Warm Homes Causing Arctic Ice Melt, Eskimo Charges
July 7, 2008 - 7:22 PM
Montreal (CNSNews.com) - An Arctic Inuit representative said the lower 48 states have a mild climate, and therefore Americans should have no problem turning down their thermostats in the winter to stop Arctic ice from melting.
"I don't know what [Americans are] doing to create all of this [greenhouse] gas emissions," said Meeka Mike of the Inuit Tapirit Kanatami, the national organization representing the Inuit peoples of Canada at the U.N. Climate Change Conference in Montreal.
"I know it's [emissions] from cars. I know it's fuel. But you (Americans) live in a very hot climate. You don't need as much heating like we do," Mike said when Cybercast News Service asked what she would like average Americans to do to curtail the alleged "global warming" that some people link to melting Arctic ice.
Mike is part of a group that filed a "global warming" legal petition against the United States. At this week's climate change conference, she took part in a panel discussion called "The Right to Be Cold: Inuit Defend Their Human Rights in the Face of Climate Change."
The Canadian-based Inuit Circumpolar Conference (ICC) has petitioned the Inter-American Commission on Human Rights, demanding that the U.S. limit its greenhouse gas emissions or "Inuit hunting culture will be destroyed in the next 100 years" because of rising temperatures.
Even though Mike believes her way of life is being threatened by U.S. lifestyles and government policies, she said she wants Americans to act voluntarily to correct the problem.
"I can't control you. It doesn't work that way, [it's] not in the spirit of the people and the earth," she said.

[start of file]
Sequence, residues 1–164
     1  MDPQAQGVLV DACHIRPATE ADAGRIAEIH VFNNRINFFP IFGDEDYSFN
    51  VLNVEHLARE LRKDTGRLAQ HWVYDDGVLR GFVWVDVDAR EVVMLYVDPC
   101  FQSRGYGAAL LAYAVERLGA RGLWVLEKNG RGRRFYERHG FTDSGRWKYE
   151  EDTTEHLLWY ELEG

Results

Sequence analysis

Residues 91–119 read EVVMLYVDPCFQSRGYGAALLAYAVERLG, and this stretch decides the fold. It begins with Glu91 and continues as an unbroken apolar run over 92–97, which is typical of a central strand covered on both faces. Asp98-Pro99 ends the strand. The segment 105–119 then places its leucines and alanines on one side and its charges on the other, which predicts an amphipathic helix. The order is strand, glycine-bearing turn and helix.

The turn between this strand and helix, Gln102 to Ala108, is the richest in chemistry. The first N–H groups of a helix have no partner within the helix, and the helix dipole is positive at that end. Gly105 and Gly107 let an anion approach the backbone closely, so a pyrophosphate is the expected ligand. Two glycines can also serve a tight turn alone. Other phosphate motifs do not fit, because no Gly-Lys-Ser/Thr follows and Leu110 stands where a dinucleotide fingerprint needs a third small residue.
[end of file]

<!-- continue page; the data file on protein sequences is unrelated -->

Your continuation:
This is not the first time Americans have been told to turn down the heat in their homes. In a televised address during the energy crisis in 1979, then President Jimmy Carter implored Americans to turn down their thermostats and wear sweaters in order to conserve fuel.
Most of the Inuit peoples of the Arctic no longer live in Igloos, but rather in homes with running water and electricity. Some Arctic residents complain that their snowmobiles are more prone to break through Arctic ice, which is thinner, they say, because of human-caused "global warming."
"If people don't start lobbying their political leaders or [start] taking action" it will be too late, Mike said, referring to the international battle to restrict greenhouse gases through agreements such as the Kyoto Protocol. .
'A right to be warm'
The National Center for Public Policy Research, a conservative think tank, dismissed the notion that Americans are melting Arctic ice by enjoying overly warm homes.
"Inuit representatives have asserted their right to be cold at the U.N. conference. They called it a human right. If so, there's a right to be warm, too. Americans owe no one an apology for exercising it," said David Ridenour, vice president of the National Center.
The group takes a skeptical view of the manmade catastrophic climate change.
"Given that much of the U.S. is currently experiencing record cold temperatures which are believed to be responsible for at least one man's death, I find [Mike's] comments extremely ill-timed and insensitive," Ridenour said.
As Cybercast News Service has previously reported, there is an ongoing scientific debate regarding climate change.
Climatologist Patrick J. Michaels, the author of several books on climate change including a new one that will be released next week entitled "Shattered Consensus: The True State of Global Warming," believes claims of catastrophic human-caused "global warming" are scientifically unfounded.
Michaels challenged the accuracy of computer-generated models that project an alarming rise in sea levels due to the melting of icecaps.
"There is a lot of recent research showing that Antarctica has been gaining ice -- in other words, is contributing negatively to sea level rise. Research published just two months ago in Science Magazine shows that Greenland is still gaining ice at two inches per year, average, over the island."
Michaels is an environmental sciences professor at the University of Virginia and a senior fellow at the Cato Institute.
"I expect that the estimates of sea level rise are going to have to be revised downward. That's a prediction that you just heard from me based upon reality. Computer models eventually have to come in line with reality," Michaels added.
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